Proteins. Proteins. Amino Acids. Most diverse and most important molecule in. Functions: Functions (cont d)

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1 Proteins Proteins Most diverse and most important molecule in living i organisms Functions: 1. Structural (keratin in hair, collagen in ligaments) 2. Storage (casein in mother s milk) 3. Transport (HAEMOGLOBIN!) 4. Hormonal (insulin) Proteins Functions (cont d) 5. Receptors (taste buds) 6. Contractile (actin in muscles) 7. Defensive (fibrin for clotting) 8. Enzymatic (lactase) (sophisticated) structure determines function Has its own unique 3D shape/conformation Simplest protein = polymer of amino acids (polypeptides) Amino Acids Amphiprotic (posses both acidic, carboxyl, and basic, amino groups). May be polar, nonpolar or charged depending on the R group Sequence determines the final shape (conformation) of protein. 1

2 Building proteins Polypeptide chains N-terminus = NH 2 end C-terminus = COOH end repeated sequence (N-C-C) is the polypeptide backbone can only grow in one direction Amino Acids There are 20 different R groups, thus different a.a. (amino acids) Of the 20 amino acids that make up proteins, we must consume 8, as we can not make these essential amino acids on our own: trp, met, val, thre, phe, leu, ile, lys. PolypeptideChain Ranges from a few amino acids Amino acids are joined together by peptide bonds (amide bonds) Condensation reaction between amino group and carboxyl group of adjacent amino acid 2

3 Nonpolar amino acids - nonpolar & hydrophobic Polar amino acids - polar or charged & hydrophilic Why are these nonpolar & hydrophobic? Why are these polar & hydrophillic? The Four Levels of Protein Folding Primary Structure: The sequence of amino acids in a polypeptide chain, which is determined by the nucleotide sequence of a particular gene. 3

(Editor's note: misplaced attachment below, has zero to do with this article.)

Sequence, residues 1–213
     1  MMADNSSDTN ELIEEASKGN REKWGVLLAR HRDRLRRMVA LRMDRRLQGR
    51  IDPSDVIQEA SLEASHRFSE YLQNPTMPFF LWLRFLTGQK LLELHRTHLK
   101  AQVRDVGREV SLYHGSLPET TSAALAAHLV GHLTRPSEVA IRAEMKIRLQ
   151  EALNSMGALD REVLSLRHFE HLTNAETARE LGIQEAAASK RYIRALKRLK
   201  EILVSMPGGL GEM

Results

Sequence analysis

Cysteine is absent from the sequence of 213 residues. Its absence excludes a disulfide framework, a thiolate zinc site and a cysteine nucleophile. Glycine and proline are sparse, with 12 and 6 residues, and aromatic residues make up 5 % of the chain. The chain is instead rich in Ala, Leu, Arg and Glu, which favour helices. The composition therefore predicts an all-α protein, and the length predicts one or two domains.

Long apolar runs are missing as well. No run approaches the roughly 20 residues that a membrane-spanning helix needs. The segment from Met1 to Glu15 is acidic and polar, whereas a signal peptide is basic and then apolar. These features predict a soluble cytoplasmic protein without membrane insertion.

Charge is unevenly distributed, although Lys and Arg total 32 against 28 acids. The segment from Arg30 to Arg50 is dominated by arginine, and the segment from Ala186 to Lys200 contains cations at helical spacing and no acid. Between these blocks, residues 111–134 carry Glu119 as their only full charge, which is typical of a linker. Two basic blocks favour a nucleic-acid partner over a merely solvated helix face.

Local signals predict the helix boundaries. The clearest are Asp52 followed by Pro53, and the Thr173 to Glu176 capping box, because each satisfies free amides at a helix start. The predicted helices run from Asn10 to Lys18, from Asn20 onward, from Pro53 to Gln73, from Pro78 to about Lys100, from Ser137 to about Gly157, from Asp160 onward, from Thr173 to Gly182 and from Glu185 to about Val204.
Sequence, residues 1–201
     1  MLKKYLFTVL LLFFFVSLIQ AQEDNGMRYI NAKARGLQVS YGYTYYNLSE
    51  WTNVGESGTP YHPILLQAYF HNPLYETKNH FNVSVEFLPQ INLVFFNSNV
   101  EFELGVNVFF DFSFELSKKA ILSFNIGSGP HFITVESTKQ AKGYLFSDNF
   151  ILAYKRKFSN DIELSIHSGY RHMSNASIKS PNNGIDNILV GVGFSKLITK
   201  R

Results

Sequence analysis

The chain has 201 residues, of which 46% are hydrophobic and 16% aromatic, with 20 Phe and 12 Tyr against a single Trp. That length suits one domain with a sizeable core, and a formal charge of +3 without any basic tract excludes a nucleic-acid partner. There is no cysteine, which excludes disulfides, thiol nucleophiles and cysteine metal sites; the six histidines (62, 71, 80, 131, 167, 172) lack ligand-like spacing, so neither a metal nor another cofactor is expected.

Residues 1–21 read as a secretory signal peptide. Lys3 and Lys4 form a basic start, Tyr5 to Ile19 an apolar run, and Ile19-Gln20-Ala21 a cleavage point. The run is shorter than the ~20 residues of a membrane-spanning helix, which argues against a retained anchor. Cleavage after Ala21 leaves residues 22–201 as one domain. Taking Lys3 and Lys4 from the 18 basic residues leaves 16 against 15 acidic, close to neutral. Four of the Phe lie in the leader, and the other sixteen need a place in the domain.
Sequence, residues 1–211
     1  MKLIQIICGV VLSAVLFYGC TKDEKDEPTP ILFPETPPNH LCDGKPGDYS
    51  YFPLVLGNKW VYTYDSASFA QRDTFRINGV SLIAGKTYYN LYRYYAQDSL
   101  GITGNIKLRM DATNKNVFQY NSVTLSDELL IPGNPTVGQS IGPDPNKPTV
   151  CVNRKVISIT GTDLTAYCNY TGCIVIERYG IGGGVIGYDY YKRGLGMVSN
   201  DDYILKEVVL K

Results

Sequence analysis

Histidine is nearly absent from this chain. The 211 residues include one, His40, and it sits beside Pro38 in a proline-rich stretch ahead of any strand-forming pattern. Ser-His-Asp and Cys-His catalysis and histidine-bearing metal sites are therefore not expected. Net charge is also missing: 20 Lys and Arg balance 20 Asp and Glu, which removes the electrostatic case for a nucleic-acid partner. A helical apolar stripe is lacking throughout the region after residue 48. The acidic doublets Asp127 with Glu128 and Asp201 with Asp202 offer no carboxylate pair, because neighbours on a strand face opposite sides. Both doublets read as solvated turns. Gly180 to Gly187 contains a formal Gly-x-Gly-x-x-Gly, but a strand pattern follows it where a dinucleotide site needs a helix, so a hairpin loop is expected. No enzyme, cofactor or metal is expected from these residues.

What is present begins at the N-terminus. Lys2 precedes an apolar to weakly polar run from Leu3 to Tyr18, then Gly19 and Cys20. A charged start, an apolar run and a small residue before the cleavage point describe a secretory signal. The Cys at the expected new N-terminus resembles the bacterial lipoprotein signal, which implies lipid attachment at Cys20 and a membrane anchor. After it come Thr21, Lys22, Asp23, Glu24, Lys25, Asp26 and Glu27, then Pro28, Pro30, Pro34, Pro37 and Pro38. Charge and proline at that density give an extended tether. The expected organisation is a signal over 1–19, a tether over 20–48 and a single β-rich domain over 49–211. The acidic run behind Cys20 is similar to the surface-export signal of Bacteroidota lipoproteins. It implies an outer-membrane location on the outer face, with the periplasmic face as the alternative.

4 The Four Levels of Protein Folding Secondary Structure: The folding and coiling of the polypeptide chain as it grows into a pleated sheet or helix H bond between C=O group and N-H group every 4 th amino acid to form alpha helix. When 2 parts of the chain lie parallel l forms a beta pleated sheet The Four Levels of Protein Folding Tertiary Structure: The polypeptide chain undergoes additional folding due to side chain interactions. Hydrophobic interaction hydrophobic regions direct themselves into core of protein Hydrogen bonds between polar R grps Ionic bonds - between (+) and (-) charged R grps Disulphide bridges- STRONG covalent bonds between 2 sulfhydryl grps (from cysteine monomers) Quaternary Structure: Two or more polypeptide chains come together, such as in collagen and haemoglobin. Chaperonin proteins Guide protein folding provide shelter for folding polypeptides keep the new protein segregated from cytoplasmic influences 4

5 Protein unfolding Temperature, salinity and ph changes can cause a protein to unravel (denature). A denatured d protein is unable to carry out its biological function. Protein denaturation Uses include: 1. meats cured by denaturing spoilage bacteria 2. Blanching fruits denatures browning enzymes 3. Temporarily curl/straighten hair (w/ heat) 4. Meats easier to chew when heat is used to denature fibrous fb proteins Protein structure (review) Nucleic Acids 1 aa sequence peptide bonds determined by DNA 2 R groups H bonds 3 R groups hydrophobic interactions, disulfide bridges 4 multiple polypeptides hydrophobic interactions Nucleic acids are found in DNA (stores hereditary info.), RNA (ribonucleic acid), ATP and nucleotide coenzymes (NAD +, NADP + and FAD) used in energy transformations. DNA and RNA are nucleotide polymers. Nucleotides consist of a nitrogenous base, a fivecarbon sugar and a phosphate group. The nitrogenous bases are: adenine (A), guanine (G), cytosine (C), thymine (T) and uracil (U). 5

6 Nucleic Acids Cytosine, thymine and uracil are single-ringed pyramidines,, while adenine and guanine are larger double-ringed purines. In DNA, A bonds with T with 2 hydrogen bonds, and G bonds with C with 3 hydrogen bonds. The two strands are antiparallel (one strand is upside down compared to the other). Purines always bond with a pyramidine. Building the polymer 6

7 Nucleic polymer Backbone sugar to PO 4 bond phosphodiester bond new base added to sugar of previous base polymer grows in one direction N bases hang off the sugar-phosphate backbone Information polymer Function series of bases encodes information like the letters of a book stored information is passed from parent to offspring need to copy accurately stored information = genes genetic information Dangling bases? Why is this important? Passing on information? Why is this important? Interesting note ATP Adenosine triphosphate modified nucleotide adenine (AMP) + P i + P i + + 7

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